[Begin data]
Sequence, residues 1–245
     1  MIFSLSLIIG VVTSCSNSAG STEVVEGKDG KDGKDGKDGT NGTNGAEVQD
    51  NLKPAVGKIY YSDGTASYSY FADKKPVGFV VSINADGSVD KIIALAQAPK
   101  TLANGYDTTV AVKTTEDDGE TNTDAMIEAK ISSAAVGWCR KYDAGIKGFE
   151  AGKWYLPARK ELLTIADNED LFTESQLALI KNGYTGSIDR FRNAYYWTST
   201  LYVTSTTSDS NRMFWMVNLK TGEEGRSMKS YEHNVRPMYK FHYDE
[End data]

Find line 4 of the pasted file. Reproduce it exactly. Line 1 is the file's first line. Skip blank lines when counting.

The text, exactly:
   101  TLANGYDTTV AVKTTEDDGE TNTDAMIEAK ISSAAVGWCR KYDAGIKGFE